Of the 7.2 billion people on this planet, just over 3 billion are active internet users, and 2.1 billion people have social media accounts, including everything from the social networks of Facebook, Google+, and LinkedIn, to the ‘quasi’ social networks of Snapchat, WhatsApp, Twitter, and many others. As social media has grown, it has adapted to the market, becoming truly mobile with the development of smartphones and wireless networks. As a result, we have created a complicated relationship with social media; and this relationship becomes even more complex when the legal system becomes a third party to our ‘public’ and ‘private’ interactions with social media.
And because we send massive amounts of data over the internet, especially via social media applications and programs, it seems self-evident that the legal system, especially the government, will eventually insert itself into this relationship and become entangled in all these interactions. This myriad of data creates a potential goldmine of evidence for both attorneys and courts to sift through. Consider this comparison: when a phone company responds to a government search warrant, it hands over a call or message log; on the other hand, when a social media company responds to a search warrant, it may provide countless forms of date and information, including the user’s profile, posts/statuses, notes, private messages, account activity, uploaded photos, photos the user is tagged in, location/check-in information, the user’s friend list, and a huge table of login and IP data.
Your “Public” and “Private” Relationship with Social Media
Anything we share publicly is accessible to, well… the public, which includes former spouses, current and potential employers, the government, and, of course, the legal system. Therefore, from a general standpoint, public interactions with social media run the risk of being used against you in some manner, legally or otherwise. For example, an attorney handling a child custody case may casually flick through the Instagram account of a client’s ex-boyfriend only to find multiple pictures of the ex-boyfriend holding drugs and guns. Of course the attorney will now save these photos for use in trial, as they would cause any judge to pause and carefully consider the health and safety of the child.
Even if you delete or remove a posting or picture, the data is still available for a very long time – it doesn’t immediately disappear. For example, your deleted profile or picture can live on in archived or old versions of websites; it can exist via the comments you’ve made on other people’s pages; or the data may have already been saved or shared by your friends.
But what if you have your social media profiles and accounts set to private? Even then, the information can be made available to both the government and the courts. For example, in United States v. Meregildo, 2012, the defendant’s Facebook privacy settings were set to “friends only,” but the government was able to obtain evidence through a cooperating witness who was one of the defendant’s Facebook “friends.” Beyond such tactics though, search warrants and subpoenas will also often make “private profiles” available to the government.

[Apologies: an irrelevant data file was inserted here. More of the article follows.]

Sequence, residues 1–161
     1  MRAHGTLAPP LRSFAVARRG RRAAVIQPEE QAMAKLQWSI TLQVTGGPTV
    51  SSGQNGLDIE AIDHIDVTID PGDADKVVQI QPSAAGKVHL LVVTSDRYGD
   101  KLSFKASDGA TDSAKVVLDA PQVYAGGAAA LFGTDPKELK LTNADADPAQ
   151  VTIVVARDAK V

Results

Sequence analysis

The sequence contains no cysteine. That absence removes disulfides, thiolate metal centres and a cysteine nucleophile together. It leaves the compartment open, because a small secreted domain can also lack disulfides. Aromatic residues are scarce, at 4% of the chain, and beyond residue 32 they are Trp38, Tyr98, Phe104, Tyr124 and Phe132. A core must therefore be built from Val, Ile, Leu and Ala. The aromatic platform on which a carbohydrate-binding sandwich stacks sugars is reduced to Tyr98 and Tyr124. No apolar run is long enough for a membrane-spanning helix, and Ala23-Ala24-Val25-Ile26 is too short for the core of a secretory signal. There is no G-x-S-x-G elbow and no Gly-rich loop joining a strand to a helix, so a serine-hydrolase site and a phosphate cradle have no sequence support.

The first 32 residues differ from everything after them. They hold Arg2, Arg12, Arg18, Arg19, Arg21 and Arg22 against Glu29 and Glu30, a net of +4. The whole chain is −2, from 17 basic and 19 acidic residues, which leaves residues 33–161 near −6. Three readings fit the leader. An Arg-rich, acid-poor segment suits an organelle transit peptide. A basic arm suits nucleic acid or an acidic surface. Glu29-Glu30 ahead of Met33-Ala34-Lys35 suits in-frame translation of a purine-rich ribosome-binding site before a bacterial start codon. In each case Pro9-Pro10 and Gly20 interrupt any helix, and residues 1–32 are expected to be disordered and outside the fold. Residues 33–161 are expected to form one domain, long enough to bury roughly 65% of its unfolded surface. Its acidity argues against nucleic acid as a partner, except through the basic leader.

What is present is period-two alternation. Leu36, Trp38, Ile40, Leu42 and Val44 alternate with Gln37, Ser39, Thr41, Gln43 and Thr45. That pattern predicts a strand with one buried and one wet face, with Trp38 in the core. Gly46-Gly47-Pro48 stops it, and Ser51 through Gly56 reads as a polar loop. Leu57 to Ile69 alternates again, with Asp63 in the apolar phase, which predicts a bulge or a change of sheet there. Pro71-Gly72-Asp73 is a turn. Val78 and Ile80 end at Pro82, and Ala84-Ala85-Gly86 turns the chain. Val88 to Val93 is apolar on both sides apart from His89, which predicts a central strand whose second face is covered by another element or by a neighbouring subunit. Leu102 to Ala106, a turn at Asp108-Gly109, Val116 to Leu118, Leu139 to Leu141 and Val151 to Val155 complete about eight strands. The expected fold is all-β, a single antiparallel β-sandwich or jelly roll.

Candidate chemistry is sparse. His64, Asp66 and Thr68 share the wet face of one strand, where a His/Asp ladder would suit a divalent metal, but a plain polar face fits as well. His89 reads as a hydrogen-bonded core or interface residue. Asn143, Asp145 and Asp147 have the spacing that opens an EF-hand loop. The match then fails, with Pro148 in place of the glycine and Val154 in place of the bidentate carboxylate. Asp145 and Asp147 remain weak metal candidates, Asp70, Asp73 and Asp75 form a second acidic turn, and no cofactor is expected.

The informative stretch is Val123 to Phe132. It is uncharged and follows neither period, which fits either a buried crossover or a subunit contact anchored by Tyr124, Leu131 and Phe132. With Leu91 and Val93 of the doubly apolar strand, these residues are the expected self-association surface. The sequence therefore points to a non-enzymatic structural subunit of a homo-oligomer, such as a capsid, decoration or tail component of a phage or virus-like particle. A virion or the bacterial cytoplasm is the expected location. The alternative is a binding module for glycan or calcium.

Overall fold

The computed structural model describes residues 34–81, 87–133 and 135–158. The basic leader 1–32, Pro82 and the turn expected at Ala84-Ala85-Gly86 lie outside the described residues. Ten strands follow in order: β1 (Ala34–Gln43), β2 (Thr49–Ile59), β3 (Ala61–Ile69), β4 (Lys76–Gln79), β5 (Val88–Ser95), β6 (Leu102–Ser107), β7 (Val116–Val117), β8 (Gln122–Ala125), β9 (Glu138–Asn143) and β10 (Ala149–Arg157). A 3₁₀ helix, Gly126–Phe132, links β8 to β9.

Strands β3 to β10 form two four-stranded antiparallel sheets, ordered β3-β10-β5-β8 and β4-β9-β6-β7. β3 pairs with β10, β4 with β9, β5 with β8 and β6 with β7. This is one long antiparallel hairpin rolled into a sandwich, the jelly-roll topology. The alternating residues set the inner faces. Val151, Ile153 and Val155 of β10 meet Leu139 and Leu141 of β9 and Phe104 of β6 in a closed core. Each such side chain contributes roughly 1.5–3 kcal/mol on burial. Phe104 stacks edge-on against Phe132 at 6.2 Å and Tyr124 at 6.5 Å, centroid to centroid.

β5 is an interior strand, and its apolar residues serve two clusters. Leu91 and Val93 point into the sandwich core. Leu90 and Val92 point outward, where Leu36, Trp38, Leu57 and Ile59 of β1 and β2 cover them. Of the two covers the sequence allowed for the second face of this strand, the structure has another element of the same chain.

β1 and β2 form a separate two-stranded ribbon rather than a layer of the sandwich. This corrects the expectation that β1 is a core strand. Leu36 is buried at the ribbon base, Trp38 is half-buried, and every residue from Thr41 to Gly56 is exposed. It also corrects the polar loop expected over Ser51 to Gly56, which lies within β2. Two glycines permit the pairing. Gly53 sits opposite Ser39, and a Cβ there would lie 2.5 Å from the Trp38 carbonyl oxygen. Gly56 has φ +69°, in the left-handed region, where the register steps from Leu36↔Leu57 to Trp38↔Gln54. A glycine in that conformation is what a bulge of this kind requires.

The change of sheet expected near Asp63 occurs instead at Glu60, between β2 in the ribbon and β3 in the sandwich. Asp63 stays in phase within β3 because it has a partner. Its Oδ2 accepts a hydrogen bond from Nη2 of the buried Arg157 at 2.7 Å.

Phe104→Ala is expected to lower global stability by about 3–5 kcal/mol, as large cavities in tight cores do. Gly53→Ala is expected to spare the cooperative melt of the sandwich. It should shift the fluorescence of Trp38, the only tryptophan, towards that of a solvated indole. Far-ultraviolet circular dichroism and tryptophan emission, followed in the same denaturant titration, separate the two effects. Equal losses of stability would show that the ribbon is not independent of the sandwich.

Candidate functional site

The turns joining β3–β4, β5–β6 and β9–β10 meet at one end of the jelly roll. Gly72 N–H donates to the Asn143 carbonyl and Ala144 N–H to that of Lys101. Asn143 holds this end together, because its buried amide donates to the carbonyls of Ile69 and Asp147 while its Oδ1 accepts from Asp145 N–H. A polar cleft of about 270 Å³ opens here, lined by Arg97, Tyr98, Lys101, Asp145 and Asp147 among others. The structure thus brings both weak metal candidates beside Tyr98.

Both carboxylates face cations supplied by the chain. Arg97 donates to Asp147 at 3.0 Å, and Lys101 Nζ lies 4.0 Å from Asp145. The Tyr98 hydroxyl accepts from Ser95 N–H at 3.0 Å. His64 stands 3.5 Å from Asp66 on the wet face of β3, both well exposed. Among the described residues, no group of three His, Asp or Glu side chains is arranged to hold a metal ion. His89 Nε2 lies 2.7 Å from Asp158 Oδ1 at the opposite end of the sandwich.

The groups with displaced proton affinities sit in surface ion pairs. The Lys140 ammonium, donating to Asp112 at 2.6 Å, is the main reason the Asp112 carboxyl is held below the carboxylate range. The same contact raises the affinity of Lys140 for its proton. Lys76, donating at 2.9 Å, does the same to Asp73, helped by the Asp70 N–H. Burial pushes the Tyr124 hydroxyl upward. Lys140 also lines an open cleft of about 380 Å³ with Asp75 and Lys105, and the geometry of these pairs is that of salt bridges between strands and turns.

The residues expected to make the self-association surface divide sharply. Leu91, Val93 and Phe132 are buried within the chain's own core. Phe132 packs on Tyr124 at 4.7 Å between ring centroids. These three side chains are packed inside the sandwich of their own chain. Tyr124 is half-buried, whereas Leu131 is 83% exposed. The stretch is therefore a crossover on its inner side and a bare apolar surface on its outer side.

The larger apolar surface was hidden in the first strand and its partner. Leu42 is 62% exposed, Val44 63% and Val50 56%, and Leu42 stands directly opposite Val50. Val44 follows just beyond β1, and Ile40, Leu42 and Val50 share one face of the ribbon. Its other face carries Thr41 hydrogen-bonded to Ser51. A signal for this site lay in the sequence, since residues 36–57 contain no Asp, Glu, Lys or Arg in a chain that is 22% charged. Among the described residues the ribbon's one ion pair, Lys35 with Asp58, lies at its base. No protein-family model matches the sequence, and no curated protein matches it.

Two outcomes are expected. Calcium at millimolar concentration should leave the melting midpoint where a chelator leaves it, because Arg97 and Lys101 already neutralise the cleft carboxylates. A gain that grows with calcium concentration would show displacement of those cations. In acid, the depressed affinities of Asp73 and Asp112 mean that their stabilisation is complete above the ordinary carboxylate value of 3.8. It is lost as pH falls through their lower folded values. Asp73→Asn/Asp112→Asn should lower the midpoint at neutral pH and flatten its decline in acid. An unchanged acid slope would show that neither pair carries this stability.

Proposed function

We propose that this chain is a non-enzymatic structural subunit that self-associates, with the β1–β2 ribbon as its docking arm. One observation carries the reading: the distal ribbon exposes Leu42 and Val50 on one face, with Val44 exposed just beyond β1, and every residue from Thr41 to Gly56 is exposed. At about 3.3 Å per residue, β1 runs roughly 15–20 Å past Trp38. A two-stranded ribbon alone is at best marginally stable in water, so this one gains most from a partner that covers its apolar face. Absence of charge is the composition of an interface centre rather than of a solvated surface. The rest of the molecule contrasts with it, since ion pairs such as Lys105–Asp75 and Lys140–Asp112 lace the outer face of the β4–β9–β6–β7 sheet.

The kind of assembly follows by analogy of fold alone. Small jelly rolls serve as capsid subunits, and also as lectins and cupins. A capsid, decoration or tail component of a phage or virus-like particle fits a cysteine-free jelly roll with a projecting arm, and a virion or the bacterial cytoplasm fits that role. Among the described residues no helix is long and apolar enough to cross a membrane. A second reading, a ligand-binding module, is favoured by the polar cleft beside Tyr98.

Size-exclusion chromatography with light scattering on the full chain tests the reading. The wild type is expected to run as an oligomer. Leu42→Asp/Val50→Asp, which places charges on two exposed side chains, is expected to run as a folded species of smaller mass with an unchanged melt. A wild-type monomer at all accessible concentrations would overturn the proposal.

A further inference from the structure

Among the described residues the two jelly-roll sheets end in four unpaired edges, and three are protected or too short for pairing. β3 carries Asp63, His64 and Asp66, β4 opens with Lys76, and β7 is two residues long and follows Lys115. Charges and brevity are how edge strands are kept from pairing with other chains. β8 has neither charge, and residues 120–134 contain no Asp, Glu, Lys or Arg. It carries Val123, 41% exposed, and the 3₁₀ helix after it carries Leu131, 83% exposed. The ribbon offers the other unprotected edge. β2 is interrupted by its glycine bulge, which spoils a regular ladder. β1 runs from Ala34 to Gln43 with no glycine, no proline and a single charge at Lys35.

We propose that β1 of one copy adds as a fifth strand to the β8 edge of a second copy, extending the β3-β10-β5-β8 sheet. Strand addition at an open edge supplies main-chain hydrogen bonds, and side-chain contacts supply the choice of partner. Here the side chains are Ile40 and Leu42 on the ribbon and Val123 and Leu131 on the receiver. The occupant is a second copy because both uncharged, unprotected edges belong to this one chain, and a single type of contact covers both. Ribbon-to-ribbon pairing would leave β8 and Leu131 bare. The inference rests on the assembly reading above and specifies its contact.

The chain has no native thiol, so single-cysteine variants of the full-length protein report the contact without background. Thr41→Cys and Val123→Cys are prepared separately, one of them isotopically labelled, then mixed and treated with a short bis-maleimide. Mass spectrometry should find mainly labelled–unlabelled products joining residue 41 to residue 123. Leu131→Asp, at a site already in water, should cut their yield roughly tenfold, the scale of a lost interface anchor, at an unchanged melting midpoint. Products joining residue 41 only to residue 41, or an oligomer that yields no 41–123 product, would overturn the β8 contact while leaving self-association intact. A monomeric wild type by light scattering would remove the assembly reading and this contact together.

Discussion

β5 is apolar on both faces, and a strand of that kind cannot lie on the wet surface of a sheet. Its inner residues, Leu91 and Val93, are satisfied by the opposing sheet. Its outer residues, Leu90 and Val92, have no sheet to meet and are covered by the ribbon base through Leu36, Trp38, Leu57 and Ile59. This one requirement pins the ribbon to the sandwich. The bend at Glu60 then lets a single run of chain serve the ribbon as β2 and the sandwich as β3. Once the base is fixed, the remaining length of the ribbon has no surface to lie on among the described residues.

In addition, self-regulated privacy settings, such as Facebook’s privacy settings, are not generally recognized by the courts with regard to pre-trail discovery of relevant information and evidence, thus the courts will often require such “private” information to be available to opposing parties. Sometimes this can be done in a unique manner, for example in Barnes v. Cus Nashville, 2010, the Magistrate Judge expedited discovery of photographs, their captions, and comments by creating a Facebook account for the parties to “friend” for the sole purpose of reviewing the information in camera, and promptly disseminating relevant information to the parties.
The Social Media/Legal Cycle
Because our legal system is constantly striving to uphold our notions of truth, justice, and fairness, it continues to grapple with the best methods for handling social media profiles, messages, posts, etc. This is especially true in light of the constant technological innovations and upgrades we see on a daily basis. It is an interesting cycle.
First, individuals, including criminals, use social networks to communicate and broadcast our activities. Second, some of these communications and broadcasts lead to civil and criminal proceedings, or are used in ongoing proceedings. Third, attorneys advocate on whether these communications and broadcasts should be allowed in the proceeding, and how they should be used. Fourth, judges then develop different approaches for handling the communications and broadcasts. Finally, coming full circle, the judges’ decisions prompt individuals to change the social media habits, and develop new social media tools and networks, such as Snapchat. Yet, as we recently learned, our confidence in the privacy and deletion of data sent through Snapchat was based on a false pretence of security and privacy (the photo or message is accessible to the recipient more than once, and the data is not truly deleted).
Ultimately, our general relationship with social media is based on an erroneous expectation that all we do, send, comment on, and post is – at least in some form – private. We have a mistaken belief that our interactions with social media will not be used against us, while the reality is that our social media relationship is much more complicated. Our messages, posts, comments, likes, check-ins, etc. are all either shared or saved in some manner, whether by other users or the social network itself. Perhaps it is time for us all to recognize this complicated relationship, and approach it with more caution.